What is the Banro Foundation Doing for Women?
The plight of women in the eastern DRC is a serious issue known around the world, with the situation being especially tragic for poor women in rural areas. Often denied access to education and other opportunities, women in the eastern DRC are also vulnerable to sexual violence.
Banro Corporation and the Foundation are often asked what we are doing to assist women. Given the extent of the problem, any response seems little more than symbolic. Nonetheless, there are several programs dedicated to supporting women. Here are four examples:
1. In constructing 11 new schools and rehabilitating two schools, the Banro Foundation is also addressing the challenge of low enrolment levels for girls. Parents must pay teachers’ salaries and often cannot afford to pay for daughters. Other obstacles to female attendance include a lack of proper school latrines and the role of girls in performing household chores such as fetching water. In tackling this challenge, the Banro Foundation in 2012 introduced a “teacher tuition” program which pays a basic salary to teachers employed in schools built by the Foundation. We also build proper latrines at each new school and invest in potable water projects, which help relieve girls from household chores, thus freeing up time to attend school.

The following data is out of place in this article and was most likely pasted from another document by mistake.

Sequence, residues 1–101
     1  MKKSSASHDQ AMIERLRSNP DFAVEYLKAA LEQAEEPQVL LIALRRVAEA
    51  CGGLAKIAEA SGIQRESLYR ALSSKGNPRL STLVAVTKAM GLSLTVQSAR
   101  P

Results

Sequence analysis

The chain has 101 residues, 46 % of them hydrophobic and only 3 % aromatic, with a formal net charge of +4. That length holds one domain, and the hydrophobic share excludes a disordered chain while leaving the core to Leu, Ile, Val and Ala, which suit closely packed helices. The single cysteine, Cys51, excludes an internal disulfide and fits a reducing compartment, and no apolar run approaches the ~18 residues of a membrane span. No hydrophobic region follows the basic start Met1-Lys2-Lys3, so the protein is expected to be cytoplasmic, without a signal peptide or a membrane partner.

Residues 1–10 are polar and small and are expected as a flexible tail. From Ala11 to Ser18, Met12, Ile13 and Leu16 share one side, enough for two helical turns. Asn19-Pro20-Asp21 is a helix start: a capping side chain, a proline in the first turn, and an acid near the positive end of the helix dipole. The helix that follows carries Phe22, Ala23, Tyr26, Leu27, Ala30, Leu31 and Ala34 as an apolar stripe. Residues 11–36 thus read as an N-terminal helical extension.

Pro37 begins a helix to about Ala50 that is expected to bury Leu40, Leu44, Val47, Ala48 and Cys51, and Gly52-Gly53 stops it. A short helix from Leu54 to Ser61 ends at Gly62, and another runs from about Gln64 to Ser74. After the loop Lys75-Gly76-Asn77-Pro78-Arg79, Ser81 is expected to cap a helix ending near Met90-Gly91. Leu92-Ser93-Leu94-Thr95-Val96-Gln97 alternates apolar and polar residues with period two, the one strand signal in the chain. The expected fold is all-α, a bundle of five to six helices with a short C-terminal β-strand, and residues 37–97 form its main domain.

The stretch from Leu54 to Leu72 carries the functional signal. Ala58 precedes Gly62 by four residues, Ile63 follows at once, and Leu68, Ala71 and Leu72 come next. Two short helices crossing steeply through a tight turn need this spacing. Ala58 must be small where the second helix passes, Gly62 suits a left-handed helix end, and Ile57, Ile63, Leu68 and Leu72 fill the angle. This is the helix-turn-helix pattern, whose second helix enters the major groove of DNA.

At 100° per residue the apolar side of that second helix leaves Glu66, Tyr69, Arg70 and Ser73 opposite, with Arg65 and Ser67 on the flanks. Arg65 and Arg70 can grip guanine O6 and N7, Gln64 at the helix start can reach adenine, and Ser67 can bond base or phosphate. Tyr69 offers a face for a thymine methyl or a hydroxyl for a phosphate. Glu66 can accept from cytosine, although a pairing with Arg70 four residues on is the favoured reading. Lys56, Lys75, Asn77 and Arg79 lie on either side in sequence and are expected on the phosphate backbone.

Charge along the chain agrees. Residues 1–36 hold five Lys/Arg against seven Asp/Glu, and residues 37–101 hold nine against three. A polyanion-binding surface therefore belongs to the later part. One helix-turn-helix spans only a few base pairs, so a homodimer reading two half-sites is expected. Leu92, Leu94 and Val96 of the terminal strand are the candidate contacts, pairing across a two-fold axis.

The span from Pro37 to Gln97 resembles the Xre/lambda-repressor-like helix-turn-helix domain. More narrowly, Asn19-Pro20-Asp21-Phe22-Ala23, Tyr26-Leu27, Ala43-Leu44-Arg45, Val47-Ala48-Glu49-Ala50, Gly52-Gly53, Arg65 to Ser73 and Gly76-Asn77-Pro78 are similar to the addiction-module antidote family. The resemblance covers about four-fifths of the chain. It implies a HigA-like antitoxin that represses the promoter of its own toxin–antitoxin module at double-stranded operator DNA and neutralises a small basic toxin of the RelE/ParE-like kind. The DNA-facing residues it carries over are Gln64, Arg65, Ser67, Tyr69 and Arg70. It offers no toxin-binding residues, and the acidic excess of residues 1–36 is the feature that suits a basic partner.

2. In the remote town of Lugushwa, at the request of local women, the Foundation in 2011 built a women’s resource centre, which today offers courses in basic literacy, sewing, bread making, soap-making and hair dressing. The women run the centre and those with skills do the teaching. Well over 130 women have graduated from course so far. We believe this centre could serve as a model for other such centres across the DRC.
3. In 2012, the Banro Foundation built the new $121,000 multi-purpose women’s health unit at the world-renowned Panzi General Referral Hospital in Bukavu. The Panzi Hospital treats an average of 3,500 women each year, free of charge. The multi-purpose women’s centre supports prenatal consultation, family planning and HIV sensitization, child health and other activities related to women’s health. It was built using funds raised through a charity golf tournament held near Toronto in 2011.
4. Community initiatives undertaken by Banro’s Twangiza Mining operation include adult literacy and numeracy training. A total of 1,896 residents in the chefferie of Luhwindja successfully completed two literacy training phases of six months each. 95 percent of the beneficiaries are women. Phase III of the program is mainly numeracy training, with 272 individuals completing the program by the end of 2012. The same program is offered in the neighboring chefferie of Burhinyi, whereby 1,210 adults have been enrolled in literacy training phase and another 445 adults in numeracy training.
The Banro Foundation has set as one of its eight guiding principles the promotion of social and economic opportunities for women. We appreciate that initiatives such as the above, and others which Banro and the Foundation have undertaken, are only a start in dealing with a very difficult challenge. We plan to do much more in the years ahead to support local women.
Chairman, Banro Foundation
Development through education and skills development, improving health care, evolving infrastructure and encouragement of local business – leading to long-term, enhanced opportunities and quality of life for local Congolese communities.